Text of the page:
Distributed denial of service (DDoS) attacks surged in in the last week of August and perpetrators favoured UDP-based attacks over previous-favourite HTTP and SYN attacks as use of DDoS-as-a-service offerings exploded during the third quarter, research from DDoS analysis firm Prolexic has shown.
Figures in the company's latest Quarterly Global DDoS Attack Report (registration required), compiled quarterly by the company's PLXsert security research arm, found that the overall number of DDoS attacks increased 58 per cent compared with the same period a year earlier. Most significant was the 265 per cent increase in 'reflection attacks', in which target servers are tricked into flooding a victim system with unwanted data chunks.
Attacks were 44 per cent shorter overall than in the previous quarter – lasting for an average of 21.33 hours versus 38 hours in Q2 – but 12.3 per cent longer than the 19-hour average a year earlier.
The figures suggested that the proportion of DDoS attacks utilising UDP fragments – in which a target system is bombarded with incomplete UDP packets that bog down victim systems in error-checking – jumped to 14.66 per cent during the quarter, compared with 8.7 per cent in the previous quarter.
By contrast, use of SYN floods – in which attackers flood a target system with unanswered TCP/IP synchronisation requests – dropped from 31.22 per cent of observed attacks in Q2 to just 18.16 per cent of attacks in the latest quarter. That put SYN attacks just a hair ahead of HTTP GET attacks, which were used in 18.0 per cent of DDoS incidents that Prolexic observed.
Prolexic attributed the rise in UDP-based DDoS attacks to global campaigns being waged using PHP booter Web shells that favoured the Layer 3 UDP attacks.
"Although PHP booter shells are capable of launching application layer attacks, the coding and customisation is slightly more complex than the average DDoS attack script, and therefore UDP floods were frequently chosen," the report notes, adding that "a significant portion" of the floods were reflected amplification attacks using DNS and CHARGEN servers to inundate targets with data traffic.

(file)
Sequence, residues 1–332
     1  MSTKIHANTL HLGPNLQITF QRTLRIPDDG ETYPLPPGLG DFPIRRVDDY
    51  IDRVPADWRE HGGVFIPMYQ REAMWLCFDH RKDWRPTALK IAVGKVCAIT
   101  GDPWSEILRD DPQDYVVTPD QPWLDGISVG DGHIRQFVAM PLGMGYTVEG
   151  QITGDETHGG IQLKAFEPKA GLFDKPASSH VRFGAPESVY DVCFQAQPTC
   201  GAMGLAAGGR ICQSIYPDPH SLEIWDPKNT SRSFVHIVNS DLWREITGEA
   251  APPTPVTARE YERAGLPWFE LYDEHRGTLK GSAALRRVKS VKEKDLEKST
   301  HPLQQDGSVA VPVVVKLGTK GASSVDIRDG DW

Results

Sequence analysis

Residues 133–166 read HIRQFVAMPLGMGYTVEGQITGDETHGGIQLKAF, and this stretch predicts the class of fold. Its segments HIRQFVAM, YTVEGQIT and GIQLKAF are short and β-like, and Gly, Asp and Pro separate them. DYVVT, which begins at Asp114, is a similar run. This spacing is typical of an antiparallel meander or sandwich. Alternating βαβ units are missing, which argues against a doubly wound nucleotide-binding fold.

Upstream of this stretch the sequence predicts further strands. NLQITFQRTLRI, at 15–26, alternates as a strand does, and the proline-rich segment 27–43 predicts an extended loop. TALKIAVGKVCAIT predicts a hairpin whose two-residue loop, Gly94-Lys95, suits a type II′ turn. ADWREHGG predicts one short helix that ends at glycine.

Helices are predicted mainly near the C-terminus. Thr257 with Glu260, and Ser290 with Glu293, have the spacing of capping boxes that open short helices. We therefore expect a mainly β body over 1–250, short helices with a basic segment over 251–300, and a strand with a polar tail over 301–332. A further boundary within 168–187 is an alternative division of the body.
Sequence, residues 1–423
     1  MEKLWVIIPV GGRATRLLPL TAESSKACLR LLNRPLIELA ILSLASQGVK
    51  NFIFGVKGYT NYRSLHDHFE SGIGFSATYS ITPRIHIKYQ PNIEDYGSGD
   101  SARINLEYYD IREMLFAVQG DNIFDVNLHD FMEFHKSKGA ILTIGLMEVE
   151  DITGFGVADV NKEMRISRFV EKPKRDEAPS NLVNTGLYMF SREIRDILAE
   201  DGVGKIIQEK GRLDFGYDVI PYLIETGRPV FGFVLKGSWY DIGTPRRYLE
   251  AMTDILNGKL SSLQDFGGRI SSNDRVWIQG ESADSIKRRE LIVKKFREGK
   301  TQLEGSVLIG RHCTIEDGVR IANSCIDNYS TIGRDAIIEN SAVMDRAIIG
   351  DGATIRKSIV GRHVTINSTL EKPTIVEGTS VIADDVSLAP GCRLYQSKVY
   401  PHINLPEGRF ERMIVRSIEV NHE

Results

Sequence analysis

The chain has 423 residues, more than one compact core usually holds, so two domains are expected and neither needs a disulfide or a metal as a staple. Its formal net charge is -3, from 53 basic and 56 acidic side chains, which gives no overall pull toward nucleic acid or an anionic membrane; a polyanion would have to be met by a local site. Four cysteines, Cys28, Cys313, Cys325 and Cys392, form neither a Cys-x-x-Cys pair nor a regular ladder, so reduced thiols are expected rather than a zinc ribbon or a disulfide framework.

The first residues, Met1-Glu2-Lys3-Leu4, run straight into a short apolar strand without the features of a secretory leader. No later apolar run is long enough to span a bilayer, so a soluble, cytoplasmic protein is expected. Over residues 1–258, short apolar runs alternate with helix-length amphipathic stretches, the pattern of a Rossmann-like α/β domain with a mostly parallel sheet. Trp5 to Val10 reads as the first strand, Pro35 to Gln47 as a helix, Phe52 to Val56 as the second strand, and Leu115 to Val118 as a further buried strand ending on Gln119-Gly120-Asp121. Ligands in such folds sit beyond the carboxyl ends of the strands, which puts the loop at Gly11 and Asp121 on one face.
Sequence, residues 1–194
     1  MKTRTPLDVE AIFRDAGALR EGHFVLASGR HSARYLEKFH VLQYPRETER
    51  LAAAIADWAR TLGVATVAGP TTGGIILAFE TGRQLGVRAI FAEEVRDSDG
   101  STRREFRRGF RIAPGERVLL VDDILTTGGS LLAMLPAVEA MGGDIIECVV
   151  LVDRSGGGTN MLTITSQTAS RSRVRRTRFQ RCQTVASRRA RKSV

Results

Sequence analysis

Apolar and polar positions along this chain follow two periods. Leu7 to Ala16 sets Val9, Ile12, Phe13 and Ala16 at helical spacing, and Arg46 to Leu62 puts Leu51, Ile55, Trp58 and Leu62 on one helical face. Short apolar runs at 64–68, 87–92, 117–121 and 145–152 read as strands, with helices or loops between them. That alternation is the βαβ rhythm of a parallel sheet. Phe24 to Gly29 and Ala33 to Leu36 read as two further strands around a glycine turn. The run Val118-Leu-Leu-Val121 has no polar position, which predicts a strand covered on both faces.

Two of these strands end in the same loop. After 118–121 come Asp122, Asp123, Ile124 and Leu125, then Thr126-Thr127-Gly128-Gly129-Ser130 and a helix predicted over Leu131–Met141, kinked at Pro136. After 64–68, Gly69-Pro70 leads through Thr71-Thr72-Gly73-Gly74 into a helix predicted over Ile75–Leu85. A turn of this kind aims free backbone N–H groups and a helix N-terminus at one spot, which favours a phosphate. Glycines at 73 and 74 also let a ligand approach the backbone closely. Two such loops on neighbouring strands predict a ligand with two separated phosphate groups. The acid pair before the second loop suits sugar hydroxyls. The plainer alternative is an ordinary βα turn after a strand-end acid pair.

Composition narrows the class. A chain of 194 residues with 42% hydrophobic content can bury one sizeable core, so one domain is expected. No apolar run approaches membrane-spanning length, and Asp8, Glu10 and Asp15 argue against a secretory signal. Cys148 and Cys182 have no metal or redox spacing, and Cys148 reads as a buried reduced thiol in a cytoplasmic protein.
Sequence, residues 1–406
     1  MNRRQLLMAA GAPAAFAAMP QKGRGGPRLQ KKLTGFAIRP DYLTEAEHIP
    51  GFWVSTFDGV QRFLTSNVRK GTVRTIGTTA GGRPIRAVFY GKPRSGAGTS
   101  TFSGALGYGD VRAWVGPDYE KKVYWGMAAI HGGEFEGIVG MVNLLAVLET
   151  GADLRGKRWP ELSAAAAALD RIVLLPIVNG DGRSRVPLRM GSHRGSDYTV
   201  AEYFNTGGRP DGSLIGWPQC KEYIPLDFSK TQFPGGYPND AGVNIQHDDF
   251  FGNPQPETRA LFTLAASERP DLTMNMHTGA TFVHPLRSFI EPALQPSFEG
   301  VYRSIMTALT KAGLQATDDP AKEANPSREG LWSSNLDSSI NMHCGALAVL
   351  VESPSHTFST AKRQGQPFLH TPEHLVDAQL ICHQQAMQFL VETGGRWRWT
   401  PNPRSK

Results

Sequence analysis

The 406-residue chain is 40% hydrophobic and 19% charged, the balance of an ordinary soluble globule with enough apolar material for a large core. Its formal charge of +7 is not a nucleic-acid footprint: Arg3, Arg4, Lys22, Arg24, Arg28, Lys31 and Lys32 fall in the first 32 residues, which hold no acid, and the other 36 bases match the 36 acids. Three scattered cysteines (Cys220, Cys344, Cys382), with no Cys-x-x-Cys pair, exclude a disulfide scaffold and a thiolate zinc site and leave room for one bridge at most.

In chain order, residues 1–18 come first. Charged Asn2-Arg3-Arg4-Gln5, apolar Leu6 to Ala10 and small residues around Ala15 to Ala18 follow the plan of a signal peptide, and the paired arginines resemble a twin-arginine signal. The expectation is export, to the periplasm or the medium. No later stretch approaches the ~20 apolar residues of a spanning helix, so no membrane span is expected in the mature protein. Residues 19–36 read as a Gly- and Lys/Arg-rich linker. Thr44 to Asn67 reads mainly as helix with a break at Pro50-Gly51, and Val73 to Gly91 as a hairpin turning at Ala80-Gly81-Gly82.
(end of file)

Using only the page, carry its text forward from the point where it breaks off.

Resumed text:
Such amplification attacks – whose increasing prevalence Prolexic attributed to a rise in the use of DDoS-as-a-service cloud offerings – work by tricking a target server into responding with a large volume of information, which is redirected at the target organisation when the attacker spoofs their IP address so it appears that the request came from the victim's computer.
For example, during the quarter WordPress blogs were targeted by an attack that used XML-RPC 'pingback' capabilities that prompted the site to respond with a large chunk of XML text. DNS servers are also frequently targeted as part of reflection attacks.
Infrastructure-layer attacks were by far the most common method of DDoS, accounting for 76.52 per cent of DDoS attacks during the quarter, with UDP, SYN, DNS and ICMP based attacks comprising the lion's share. Application-layer attacks, predominantly based on HTTP methods but also using SSL POST and SSL GET, were used in just 23.48% of attacks.
One significant change in the DDoS profile was the declining prevalence of the itsoknoproblembro (BroDoS) botnet, which Prolexic said "has been ineffective as a DDoS attack and propaganda tool due to Internet cleanup efforts and widespread knowledge about its attack methods and tools".
China retained its title as the primary source country for DDoS attacks, with 62.26 per cent of DDoS attacks coming from the country. Australia did not rank in the top 10 countries, which also included the US (9.06 per cent), South Korea (7.09 per cent), Brazil (4.46 per cent), and Russian Federation (4.45 per cent).
Interestingly, Indonesia – which bumped China out of first place as the origin of the most security attacks in Akamai Technologies' recent State of the Internet report – did not place in the Prolexic report, suggesting strong regional preferences for different types of attacks.